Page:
- I could see the plot angle culminating in Andy's death coming a mile away, given that the kid was sniffing from a "cold" during a meeting early in the show with his father.
- When Turner mixes the poison in with the dope, his fingerprints are going to be all over the bag, though it is obvious by this point he doesn't care about this.
- There is a reference to Captain Devitt, the Tim O'Connor character (though he is not seen).
- A "real" phone number -- 386-8271 -- is mentioned.
S04E02: The Glass Dart Board ★★★½
Original air date: September 18, 1975
Director: Harry Falk; Writer: Sean Baine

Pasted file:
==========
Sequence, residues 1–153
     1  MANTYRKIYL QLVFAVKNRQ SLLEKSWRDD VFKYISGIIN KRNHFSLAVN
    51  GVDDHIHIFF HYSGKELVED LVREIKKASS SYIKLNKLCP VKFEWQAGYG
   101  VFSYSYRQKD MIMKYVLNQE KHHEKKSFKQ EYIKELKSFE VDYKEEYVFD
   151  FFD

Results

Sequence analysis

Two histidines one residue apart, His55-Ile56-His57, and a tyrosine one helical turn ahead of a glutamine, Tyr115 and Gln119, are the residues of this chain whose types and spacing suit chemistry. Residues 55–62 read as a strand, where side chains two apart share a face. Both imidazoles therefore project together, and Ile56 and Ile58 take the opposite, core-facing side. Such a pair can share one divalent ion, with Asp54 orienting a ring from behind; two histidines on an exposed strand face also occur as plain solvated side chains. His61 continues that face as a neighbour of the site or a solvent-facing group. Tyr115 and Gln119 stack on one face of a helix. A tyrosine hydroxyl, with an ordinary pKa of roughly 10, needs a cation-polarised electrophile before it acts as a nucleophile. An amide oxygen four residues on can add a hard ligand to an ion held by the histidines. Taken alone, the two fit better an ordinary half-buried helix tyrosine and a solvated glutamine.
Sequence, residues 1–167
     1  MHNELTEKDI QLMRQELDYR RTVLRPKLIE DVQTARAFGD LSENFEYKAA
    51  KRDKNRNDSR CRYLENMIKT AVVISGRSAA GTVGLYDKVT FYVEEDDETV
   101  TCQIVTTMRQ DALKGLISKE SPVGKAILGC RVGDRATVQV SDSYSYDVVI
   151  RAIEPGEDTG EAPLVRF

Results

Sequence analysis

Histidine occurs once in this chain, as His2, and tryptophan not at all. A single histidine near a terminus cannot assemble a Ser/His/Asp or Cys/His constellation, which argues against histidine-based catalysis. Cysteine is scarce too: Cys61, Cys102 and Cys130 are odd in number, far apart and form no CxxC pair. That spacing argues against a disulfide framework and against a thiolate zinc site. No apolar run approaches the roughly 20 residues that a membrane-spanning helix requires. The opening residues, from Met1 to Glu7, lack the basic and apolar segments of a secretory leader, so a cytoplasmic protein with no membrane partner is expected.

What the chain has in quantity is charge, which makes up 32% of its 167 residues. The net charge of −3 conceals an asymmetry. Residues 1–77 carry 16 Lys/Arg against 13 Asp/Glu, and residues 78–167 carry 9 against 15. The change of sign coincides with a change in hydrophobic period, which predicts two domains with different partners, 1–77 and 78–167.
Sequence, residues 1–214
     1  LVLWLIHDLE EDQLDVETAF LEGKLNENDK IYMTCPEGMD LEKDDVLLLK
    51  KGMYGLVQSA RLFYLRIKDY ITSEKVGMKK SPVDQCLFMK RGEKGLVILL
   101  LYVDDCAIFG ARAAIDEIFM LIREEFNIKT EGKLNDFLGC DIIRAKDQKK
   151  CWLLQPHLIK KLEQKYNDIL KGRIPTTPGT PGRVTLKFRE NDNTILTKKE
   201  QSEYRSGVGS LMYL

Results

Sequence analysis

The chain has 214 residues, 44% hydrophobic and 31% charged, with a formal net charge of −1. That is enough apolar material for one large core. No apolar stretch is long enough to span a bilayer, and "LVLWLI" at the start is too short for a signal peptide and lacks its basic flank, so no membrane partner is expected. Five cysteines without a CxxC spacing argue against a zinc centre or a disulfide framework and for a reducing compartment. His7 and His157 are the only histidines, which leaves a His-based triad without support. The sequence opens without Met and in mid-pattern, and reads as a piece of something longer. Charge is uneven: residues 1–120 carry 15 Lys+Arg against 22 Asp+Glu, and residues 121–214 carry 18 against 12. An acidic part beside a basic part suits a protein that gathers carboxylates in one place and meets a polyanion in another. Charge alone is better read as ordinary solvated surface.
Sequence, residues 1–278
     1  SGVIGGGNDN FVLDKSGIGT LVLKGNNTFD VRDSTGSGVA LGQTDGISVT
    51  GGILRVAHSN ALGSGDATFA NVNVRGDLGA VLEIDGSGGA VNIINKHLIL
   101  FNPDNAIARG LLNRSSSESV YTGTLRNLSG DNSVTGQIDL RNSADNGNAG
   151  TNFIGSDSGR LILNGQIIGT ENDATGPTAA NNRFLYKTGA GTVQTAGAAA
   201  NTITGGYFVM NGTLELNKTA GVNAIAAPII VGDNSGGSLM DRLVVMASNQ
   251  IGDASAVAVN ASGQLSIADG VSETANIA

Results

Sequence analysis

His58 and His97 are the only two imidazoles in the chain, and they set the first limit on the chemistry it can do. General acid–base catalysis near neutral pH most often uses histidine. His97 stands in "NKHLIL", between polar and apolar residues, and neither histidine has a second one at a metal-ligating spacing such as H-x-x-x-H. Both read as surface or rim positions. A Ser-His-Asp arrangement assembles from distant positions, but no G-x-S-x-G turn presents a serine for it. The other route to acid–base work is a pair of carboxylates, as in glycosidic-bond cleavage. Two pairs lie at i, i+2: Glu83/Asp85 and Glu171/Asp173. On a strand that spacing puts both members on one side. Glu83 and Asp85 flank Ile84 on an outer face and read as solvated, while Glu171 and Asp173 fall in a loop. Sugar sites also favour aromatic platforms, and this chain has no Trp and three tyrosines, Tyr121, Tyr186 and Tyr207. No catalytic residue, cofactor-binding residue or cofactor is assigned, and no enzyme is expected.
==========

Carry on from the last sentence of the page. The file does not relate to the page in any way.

Martin Truax (Lou Frizzell) is taking shots at the $80 million, 35-storey Balboa Towers using a high-powered German "Handel" rifle. As we find out later, he is aggrieved because his property was expropriated to get land for the building, and he feels he was not compensated enough. Truax wants $1 million or he will keep up his attacks on the place, threatening to "destroy" it. When one of Truax's shots kills an accountant, the cops get even more interested than just investigating the shooting angle. Unfortunately, Stone has to contend with an old pal of his, Jacob Keely (Patrick O'Neal), who has been promoted to captain while Devitt is on sick leave. Keely is a "squint," according to Keller, meaning someone who never leaves the office and squints when he goes outside and sees the sun. Stone uses tried-and-true methods including triangulation from high up in the building to try and catch Truax, but finds himself constantly frustrated by Keely, who micro-manages things and interferes with Stone's work. Keely uses a management technique for complex programming he developed called P.E.R.T. (Program Evaluation and Review), which consists of a large flowchart taped to a blackboard with wheels where data relating to the case is entered. When Keely shows this method to the men, some of them roll their eyes. Stone and Keller have a good chance of capturing Truax one evening, but Keely takes command in the helicopter being used to follow the suspect and sends everyone in the wrong direction. This causes Stone to go totally ballistic, telling Keely that he is "what went wrong" with the operation, because he let the shooter escape. Shortly after this, using P.E.R.T., Keely has a suspect named Harlan Jeffers (Paul Pepper) picked up, and everything about him falls into place except the fact that he does not own the rifle being used. With the help of the Balboa Towers' building manager Eli Mason (Joel Fabiani), Stone and Keller add to the lists they already have of people connected to the skyscraper, including those who were responsible for the building's construction. Their last resort is the architectural firm which designed it, and there they find a "nut file" with letters from cranks including Truax, who was complaining bitterly about having to sell his property. Stone and Keller go to Truax's place, where the shooter is undone by his ancient car which won't start and his Airedale Terrier named Scruff. Truax ends up wounded by Keller and is taken into custody.